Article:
Saturday, April 23, 2011

word week, day seven

I've been thinking about the power of words all week.
Words can envelop us in feelings of joy, hope, understanding, excitement, love, sympathy, empathy and kindness. They can also anger, upset, hurt, challenge, denigrate, disrupt, confuse and defeat us.  Words can slap us in the face or surround us in warmth, kill our desire or inspire our creativity.
A simple word lying on the page or resting in our brain doesn't have this power all by itself. A word must be used with intent for it to have power.

We choose the way we string together those words.
We choose the direction.
How we say things does matter.
What direction will you choose?

Thursday, April 21, 2011

word week, day five

(photo by Dave Brown)

We must look funny to Someone,
Tumbling through the universe locked in a death grip with
   our tiny ball Earth and ripping her busily to pieces,
   trailing a stinking film of gas and pieces of satellites
   and mushroom and dust clouds.

Think of her new.
An unspoiled country lying open in the sun.
Think of oceans of beauty,
   instead of scattered puddles,
   muddy and drying up.

What can make the heart ache more than a billboard?

Wednesday, April 20, 2011

word week, day four

Portland is a literary town, and anyone who's spent even a few hours here can't help but notice that Portlanders love the written word. Powell's City of Books is a beloved institution, and even has a satellite store at the airport. The Multnomah County Library has for years had the distinction of having the highest circulation in the nation among libraries serving less than 1 million residents, and its materials are checked out at twice the rate of the national average.

So it's no surprise that we have what I think is a uniquely Northwest way of celebrating literature: Poetry Posts. These mostly handcrafted boxes range from elegantly designed masterpieces utilizing clear cedar, copper and stained glass, to the most humble works cobbled together from recycled materials, but they all share a common theme: poetry.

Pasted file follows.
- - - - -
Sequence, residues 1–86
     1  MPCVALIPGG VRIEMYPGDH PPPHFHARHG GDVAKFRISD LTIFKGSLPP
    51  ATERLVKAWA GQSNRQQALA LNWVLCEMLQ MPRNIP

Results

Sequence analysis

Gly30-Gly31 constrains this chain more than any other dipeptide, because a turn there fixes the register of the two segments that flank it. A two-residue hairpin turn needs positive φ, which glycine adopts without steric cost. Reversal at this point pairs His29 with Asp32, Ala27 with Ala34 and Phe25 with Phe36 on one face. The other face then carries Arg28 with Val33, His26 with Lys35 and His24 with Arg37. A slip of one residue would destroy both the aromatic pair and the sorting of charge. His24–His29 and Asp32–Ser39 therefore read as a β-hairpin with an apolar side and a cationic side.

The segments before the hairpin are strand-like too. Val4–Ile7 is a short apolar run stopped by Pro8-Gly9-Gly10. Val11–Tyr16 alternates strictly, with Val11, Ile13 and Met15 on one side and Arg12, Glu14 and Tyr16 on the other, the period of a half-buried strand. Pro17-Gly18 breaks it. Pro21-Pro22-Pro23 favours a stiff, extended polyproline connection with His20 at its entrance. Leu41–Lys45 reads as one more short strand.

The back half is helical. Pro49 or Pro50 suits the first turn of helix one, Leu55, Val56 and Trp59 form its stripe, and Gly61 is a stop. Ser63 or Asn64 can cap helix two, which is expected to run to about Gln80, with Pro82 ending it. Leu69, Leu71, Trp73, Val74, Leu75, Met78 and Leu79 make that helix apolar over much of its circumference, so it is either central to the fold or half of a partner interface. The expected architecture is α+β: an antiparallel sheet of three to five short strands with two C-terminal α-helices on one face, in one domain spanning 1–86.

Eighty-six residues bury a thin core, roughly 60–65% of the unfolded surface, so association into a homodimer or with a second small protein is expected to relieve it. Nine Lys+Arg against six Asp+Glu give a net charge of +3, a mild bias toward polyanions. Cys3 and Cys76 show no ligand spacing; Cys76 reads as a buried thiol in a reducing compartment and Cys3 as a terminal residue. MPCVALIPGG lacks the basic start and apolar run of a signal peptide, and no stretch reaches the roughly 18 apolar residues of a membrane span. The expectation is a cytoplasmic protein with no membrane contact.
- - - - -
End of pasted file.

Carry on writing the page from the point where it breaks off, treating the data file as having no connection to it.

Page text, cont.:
Here are a few of the posts around my neighborhood:
(click on images to zoom in)

 In Portland, poetry thrives in driveways,

  nestles amongst the vegetables,

 draws passers-by with the written word

and slows the pace of pedestrians. 

Not all poetry is verbal.

 This one has a solar-powered light on top.

This one is beautiful to look at as well as a pleasure to read what's posted inside.

April is National Poetry Month.


I rub my shoulder
against a doorframe’s wood,
getting the feel of this creature
felled and transformed.
My fingers curve to knead blood
toward a muscle’s hurt, lotion
into an elbow roughened by neglect.
Snubbing shoes, I let bare soles
reacquaint themselves
with the wear of pavement’s grit.
Clothes serve the modest task
of long, soft friction.

Bit by bit, night by day,
I grow smoother-grained,
ready for light. Let me be
a mirror in which something else
might catch a glimpse of itself—
the burnished stone beneath
a lifetime of water, flowing.

Oregon's Poet Laureate

Monday, April 18, 2011

word week, day two

“Be Impeccable With Your Word.
 Speak with integrity. 
Say only what you mean. 
Avoid using the word to speak against yourself 
or to gossip about others.